The Loneliest Traid

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  • Published: 2 Apr 2017
  • Updated: 13 May 2017
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Love and death and war and Gods and blood and magic and dancing and rest and revenge and kings and fate.
Don't worry, within these three stories you'll know yourself,
And I will put you back together again.

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41. If You Love Me, Don’t Let Me Go Again, Please

Samhain pointed down at the shadow under their swing bed, “There are snacks down there if you want to get them.”

    “Do you need to eat in the second realm?”

    “No,” he paused, “It’s chocolate though.  I’ve been saving it for a while.”

    Jinmi thought this was cute, and slid from the side of the hammock.  He seemed to weigh so much more now off of the bed.  The air seemed heavier, denser almost.  As if being between feather and down for that time made everything else harder to bear.

    He sat on the flats of his feet, holding the swing bed for balance, and as he pushed it, the shadow moved.

    “How do I get down again?”

    “Through the same door?” Samhain posed as a question.

    “But it-”

    “Oh!” Samhain slid onto his stomach, pointing at the shadow that hadn’t stopped swaying under his jolts, “Just jump in, it’s a door, I promise.”

    “But it’s a solid floor,” Jinmi said, knocking on it.  It made a dull sound, not giving away any space underneath.  He felt like an idiot, wondering if this was a joke.  If it was a hex, it gave away no light, no aura he could see.

    “If you knock on it like that it won’t want to open.  I’d offer to go but I haven’t walked in a millenia.  Jump down, will you?”

    “How long did you say?”

    “Go on!”

    He shuffled forward, leaning his head back to dodge the bed.  The sun was caught behind it, blinking through the wicker.  It was almost as bright as Samhain’s light, he thought.

    He felt his feet dip through the stone, but if he went to look or wondered too much about how it worked, they were suddenly flat against the ground again.  He tipped his head back, scooting onto the ledge, “Do I jump?”

    “Is there a ladder?”

    “I can’t look at it, I can’t tell.”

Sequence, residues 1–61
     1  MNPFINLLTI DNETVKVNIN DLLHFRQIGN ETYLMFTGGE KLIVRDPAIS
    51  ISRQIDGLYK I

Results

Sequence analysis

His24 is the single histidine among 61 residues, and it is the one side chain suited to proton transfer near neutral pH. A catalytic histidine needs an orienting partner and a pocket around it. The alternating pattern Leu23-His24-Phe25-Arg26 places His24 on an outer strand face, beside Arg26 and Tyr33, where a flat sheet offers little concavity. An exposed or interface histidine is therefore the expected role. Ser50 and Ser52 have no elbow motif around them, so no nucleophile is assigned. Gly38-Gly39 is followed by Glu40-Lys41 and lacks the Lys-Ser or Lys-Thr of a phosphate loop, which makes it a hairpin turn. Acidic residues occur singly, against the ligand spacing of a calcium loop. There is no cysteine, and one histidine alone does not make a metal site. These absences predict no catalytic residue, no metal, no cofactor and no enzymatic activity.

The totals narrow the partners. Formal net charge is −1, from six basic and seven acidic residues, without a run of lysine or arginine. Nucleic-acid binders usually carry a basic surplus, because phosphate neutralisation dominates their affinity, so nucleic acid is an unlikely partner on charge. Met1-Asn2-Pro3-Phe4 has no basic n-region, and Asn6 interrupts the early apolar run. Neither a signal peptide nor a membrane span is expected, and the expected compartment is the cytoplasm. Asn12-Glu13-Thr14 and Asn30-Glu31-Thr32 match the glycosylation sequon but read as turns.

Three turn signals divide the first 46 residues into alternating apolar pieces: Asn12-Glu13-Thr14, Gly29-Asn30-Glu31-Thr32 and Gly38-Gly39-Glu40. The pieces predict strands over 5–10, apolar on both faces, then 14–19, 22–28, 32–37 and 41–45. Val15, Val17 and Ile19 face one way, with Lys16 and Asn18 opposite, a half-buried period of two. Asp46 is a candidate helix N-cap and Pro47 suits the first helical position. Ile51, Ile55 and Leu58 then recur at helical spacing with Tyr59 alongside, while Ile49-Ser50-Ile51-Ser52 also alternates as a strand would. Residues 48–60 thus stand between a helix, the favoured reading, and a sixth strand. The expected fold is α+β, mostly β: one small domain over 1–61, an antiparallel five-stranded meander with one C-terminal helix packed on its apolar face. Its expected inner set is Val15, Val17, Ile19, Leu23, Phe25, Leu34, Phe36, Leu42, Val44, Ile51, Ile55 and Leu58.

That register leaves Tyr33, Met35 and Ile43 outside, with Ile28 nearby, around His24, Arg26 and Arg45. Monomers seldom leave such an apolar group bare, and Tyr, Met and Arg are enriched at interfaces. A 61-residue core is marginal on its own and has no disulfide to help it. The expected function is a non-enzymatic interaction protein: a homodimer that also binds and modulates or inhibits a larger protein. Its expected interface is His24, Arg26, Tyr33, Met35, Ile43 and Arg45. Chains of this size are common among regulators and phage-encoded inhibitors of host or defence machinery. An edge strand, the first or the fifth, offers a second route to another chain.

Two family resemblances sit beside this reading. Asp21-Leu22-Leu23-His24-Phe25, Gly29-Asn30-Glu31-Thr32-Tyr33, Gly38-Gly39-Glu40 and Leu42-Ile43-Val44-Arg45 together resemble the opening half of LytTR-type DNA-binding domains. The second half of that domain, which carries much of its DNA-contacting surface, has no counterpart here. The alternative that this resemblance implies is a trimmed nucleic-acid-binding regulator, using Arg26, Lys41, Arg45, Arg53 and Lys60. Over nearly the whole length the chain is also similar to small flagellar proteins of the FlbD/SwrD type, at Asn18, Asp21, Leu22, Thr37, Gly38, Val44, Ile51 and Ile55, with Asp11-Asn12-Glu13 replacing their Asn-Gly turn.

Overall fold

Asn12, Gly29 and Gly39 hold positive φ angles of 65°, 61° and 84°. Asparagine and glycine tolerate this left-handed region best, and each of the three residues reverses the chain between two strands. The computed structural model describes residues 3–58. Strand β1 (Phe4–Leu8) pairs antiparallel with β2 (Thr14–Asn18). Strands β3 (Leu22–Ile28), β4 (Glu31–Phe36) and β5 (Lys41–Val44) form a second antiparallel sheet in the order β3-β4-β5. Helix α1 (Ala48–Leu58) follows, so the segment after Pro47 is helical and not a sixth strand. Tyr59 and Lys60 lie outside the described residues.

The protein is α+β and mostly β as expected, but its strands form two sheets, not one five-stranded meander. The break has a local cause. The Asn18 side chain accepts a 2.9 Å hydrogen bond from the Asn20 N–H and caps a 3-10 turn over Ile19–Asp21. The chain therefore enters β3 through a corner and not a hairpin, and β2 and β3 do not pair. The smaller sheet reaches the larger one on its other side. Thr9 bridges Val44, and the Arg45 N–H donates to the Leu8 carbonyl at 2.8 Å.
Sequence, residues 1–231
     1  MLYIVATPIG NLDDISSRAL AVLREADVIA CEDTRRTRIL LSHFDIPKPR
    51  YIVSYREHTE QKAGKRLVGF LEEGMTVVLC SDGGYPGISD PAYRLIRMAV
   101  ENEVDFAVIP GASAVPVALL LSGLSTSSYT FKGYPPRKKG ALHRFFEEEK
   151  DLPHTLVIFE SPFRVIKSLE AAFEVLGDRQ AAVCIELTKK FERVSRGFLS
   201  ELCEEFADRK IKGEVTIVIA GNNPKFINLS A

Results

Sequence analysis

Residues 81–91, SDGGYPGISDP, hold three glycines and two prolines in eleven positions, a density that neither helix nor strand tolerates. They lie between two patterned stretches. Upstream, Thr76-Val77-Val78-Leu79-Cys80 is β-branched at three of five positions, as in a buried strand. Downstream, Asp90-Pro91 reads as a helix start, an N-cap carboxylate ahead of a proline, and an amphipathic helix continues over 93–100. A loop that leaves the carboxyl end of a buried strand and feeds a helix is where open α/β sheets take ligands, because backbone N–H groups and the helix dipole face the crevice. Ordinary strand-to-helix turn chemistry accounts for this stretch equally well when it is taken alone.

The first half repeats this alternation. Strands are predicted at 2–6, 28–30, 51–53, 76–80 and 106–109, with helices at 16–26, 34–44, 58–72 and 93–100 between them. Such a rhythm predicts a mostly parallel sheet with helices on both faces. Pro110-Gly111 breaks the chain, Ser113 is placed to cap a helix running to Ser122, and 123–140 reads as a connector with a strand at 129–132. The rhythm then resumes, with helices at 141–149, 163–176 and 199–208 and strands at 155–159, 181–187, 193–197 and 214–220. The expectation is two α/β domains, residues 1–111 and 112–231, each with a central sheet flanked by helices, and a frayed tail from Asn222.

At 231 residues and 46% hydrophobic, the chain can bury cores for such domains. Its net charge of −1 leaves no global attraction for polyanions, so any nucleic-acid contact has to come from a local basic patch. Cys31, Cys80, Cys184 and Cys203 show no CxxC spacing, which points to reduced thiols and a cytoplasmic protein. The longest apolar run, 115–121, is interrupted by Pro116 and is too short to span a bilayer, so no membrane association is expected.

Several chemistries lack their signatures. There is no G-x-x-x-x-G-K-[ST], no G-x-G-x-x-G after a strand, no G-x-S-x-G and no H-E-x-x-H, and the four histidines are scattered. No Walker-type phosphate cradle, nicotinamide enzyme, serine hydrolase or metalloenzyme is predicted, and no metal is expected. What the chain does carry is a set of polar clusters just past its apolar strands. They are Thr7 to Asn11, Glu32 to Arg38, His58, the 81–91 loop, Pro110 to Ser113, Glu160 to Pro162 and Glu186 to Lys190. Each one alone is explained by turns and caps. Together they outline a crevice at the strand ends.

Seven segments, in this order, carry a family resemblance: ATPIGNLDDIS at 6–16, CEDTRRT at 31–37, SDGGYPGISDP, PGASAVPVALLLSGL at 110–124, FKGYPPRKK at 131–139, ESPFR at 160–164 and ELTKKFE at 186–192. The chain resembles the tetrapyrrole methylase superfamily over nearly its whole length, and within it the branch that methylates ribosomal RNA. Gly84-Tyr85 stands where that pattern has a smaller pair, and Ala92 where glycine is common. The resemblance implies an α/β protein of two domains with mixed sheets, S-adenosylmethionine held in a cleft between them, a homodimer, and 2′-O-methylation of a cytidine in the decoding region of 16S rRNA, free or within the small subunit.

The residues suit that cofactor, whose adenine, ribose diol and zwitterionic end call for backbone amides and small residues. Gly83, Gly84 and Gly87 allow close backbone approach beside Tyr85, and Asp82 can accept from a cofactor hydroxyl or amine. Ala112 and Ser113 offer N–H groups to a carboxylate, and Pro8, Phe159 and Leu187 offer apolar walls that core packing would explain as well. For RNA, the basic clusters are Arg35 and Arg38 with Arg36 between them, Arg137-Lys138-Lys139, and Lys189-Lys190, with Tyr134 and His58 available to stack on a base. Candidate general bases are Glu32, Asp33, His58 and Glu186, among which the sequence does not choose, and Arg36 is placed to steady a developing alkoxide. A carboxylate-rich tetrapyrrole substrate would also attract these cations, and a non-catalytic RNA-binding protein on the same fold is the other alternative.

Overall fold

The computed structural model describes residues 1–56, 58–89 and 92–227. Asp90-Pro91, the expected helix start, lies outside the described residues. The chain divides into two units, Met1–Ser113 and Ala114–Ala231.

“Just think, is there a ladder?”

    And Jinmi saw in his memory, a ladder by the trap door.  He didn’t remember it before, and he couldn’t be sure if it existed earlier, but he reached for it, and there it was.

    He took a step down, and another.  It took a few tries before he was really climbing, rather than crawling along the floor.  Samhain watched him, laughing.

    When his head finally broke the surface, he found himself in a room darker than before, as if it were nighttime on this side of the world.  It wasn’t upside down anymore, and there were more boxes than before, most filled with piles of loose stuffing fabric, thread, buttons, cloth, boxes of wine and jars of beads and berries.  He finally found a bar of chocolate wrapped in golden foil, hidden behind a bucket and mop, still filled with unnaturally lukewarm water.

    He took the ladder back up, banging his head once or twice before he heard Samhain call, clear as day, “Follow my voice.”

    “Your voice is coming from behind me.”

    “Then follow it.”

    He stuffed the chocolate into his back pocket, and began climbing down the ladder.  Samhain hummed, a song he felt as though he recognised for some reason.

    “Take my end, tie to ships and trees.” the voice floated forward, caught in an updraft, but Jinmi was too distracted by the words to realise that he was now crawling forward, the room quickly growing brighter, “Tear yourself open.”

    “To let yourself free,” he finished, “How do I know that song?”

    “It must be connected in your fate.”